While the U.S. Senate has approved a plan to delay a hike in flood insurance premiums, the measure remains stalled in the House of Representatives. This has Jersey Shore-based Superstorm Sandy victims and officials on edge.

Flooding from Superstorm Sandy
Flooding from Superstorm Sandy (Townsquare Media NJ)

The Homeowner Flood Insurance Affordability Act would delay the increases for at least four years, while the Federal Emergency Management Agency studies the overall rate structure. As of right now, that is based on the likelihood of problems from previous storms, taking into account recent and past events.

There is a major wrinkle with that plan, however. According to Bill Dressel, who heads the New Jersey League of Municipalities, using Sandy as a gauge is not the smartest way to proceed.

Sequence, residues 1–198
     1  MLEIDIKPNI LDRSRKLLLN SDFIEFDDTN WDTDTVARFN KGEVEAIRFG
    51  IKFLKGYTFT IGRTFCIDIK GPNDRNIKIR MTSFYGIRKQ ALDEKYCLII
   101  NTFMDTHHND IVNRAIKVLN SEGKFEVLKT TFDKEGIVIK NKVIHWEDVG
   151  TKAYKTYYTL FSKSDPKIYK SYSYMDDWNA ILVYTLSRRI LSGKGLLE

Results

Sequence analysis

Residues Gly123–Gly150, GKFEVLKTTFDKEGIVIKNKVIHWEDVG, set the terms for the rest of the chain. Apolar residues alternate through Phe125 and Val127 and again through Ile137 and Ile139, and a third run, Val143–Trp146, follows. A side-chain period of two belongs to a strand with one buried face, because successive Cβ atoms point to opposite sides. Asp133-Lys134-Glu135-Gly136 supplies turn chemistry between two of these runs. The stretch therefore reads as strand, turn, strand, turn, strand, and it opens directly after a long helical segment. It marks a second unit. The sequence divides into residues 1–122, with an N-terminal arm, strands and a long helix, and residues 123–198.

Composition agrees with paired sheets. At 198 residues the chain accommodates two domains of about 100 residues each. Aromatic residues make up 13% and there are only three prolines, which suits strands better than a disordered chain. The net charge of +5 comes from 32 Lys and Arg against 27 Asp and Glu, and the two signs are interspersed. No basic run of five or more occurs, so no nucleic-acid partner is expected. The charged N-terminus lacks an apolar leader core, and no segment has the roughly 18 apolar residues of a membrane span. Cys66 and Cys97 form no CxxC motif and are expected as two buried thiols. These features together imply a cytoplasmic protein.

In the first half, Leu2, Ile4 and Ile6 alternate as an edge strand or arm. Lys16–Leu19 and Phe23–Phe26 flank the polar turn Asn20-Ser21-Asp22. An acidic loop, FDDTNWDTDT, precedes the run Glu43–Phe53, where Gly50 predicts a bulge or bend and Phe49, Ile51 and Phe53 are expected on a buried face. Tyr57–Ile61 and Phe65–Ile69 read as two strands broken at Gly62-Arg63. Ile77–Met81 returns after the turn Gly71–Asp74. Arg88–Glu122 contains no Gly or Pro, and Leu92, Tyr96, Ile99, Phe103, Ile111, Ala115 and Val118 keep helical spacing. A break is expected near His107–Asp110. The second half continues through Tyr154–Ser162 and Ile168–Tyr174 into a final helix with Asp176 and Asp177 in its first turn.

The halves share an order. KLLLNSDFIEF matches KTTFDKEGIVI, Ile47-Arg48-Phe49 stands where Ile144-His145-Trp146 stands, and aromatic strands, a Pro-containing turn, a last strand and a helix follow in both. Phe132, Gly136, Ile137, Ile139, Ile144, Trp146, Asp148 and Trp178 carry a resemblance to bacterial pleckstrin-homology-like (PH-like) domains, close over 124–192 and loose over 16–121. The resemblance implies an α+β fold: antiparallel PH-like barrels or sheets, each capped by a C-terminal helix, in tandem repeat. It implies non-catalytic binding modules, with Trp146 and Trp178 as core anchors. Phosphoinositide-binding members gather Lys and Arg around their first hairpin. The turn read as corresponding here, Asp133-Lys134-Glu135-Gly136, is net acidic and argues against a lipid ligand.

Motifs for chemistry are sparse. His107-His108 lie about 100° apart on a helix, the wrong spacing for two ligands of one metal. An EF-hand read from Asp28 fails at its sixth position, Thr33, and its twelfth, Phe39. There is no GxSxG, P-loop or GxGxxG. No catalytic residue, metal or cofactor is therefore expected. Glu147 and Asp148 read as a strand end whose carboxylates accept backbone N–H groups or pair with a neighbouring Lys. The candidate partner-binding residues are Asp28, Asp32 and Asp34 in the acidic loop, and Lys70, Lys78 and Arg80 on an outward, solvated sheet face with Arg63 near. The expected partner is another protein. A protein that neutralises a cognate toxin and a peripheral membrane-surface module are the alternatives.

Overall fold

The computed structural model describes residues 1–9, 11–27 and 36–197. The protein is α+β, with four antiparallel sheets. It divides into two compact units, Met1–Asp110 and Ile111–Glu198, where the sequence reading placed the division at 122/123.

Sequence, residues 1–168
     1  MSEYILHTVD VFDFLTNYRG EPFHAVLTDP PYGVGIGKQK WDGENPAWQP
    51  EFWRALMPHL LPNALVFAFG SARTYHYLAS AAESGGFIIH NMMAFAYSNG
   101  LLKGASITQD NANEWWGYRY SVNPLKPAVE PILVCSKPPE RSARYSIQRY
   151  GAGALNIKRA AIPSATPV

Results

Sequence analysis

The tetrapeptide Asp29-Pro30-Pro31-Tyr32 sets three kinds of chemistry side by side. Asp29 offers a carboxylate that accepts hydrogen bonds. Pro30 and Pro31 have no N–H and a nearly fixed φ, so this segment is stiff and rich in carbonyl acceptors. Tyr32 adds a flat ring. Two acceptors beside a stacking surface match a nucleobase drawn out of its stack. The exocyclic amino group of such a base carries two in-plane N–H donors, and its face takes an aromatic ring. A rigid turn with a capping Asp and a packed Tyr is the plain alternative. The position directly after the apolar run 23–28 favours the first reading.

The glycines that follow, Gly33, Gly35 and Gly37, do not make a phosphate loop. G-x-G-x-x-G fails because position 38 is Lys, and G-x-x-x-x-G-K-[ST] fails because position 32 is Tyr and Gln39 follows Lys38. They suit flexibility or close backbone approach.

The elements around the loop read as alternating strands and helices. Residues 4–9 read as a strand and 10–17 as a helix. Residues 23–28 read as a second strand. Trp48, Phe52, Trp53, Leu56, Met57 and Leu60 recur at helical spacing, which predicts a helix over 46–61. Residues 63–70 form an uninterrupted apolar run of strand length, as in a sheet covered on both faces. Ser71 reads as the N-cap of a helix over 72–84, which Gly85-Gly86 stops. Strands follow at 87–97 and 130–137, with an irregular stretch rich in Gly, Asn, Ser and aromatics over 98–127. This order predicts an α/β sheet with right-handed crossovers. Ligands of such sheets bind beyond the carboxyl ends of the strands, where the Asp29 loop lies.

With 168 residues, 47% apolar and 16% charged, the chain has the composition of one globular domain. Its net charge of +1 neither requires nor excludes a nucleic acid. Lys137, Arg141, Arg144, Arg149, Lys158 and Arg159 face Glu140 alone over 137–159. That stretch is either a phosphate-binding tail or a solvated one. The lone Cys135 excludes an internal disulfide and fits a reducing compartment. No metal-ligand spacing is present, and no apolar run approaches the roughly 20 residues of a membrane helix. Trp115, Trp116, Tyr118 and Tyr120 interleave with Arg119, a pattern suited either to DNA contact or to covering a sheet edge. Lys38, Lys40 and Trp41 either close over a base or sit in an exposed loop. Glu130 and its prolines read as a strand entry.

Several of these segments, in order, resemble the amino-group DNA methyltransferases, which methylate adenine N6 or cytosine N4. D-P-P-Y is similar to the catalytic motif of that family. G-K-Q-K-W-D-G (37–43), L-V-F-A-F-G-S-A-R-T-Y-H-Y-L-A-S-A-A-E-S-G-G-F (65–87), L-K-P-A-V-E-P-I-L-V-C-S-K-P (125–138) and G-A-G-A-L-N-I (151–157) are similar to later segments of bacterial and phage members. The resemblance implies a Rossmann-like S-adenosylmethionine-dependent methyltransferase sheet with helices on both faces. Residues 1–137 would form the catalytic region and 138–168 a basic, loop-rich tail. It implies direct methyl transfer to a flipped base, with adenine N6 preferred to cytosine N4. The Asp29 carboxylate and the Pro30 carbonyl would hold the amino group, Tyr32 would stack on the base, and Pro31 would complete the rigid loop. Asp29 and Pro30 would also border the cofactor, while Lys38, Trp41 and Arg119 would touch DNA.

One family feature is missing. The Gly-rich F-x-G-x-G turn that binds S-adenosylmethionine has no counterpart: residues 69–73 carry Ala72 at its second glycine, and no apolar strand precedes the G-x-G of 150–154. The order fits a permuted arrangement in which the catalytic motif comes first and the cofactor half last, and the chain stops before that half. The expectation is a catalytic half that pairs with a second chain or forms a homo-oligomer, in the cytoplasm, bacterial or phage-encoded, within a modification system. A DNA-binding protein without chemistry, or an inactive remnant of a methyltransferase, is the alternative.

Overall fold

"I am surprised they would even entertain that notion, considering Superstorm Sandy was an anomaly," Dressel said. "There hadn't been a storm like that in New Jersey, ever, and it is wrong to use that. It will increase those premiums past the point of affordability for thousands of families, some of whom are dealing with the recovery."

If it fails to pass, a premium that now costs hundreds of dollars could balloon into the thousands, as part of the Biggert-Waters Flood Insurance Reform Act of 2012.

"If the House doesn't approve, this could spell disaster for many homeowners," Dressel said. "Several mayors in Ocean County are drafting a resolution to try and move the process forward."

Officials who attended the recent Ocean County Mayors Association meeting, where Dressel was a guest speaker, urge residents to contact their local legislators to try and get something done.

The House may consider a modified version of the Senate proposal, but so far no timetable for that has been officially announced.

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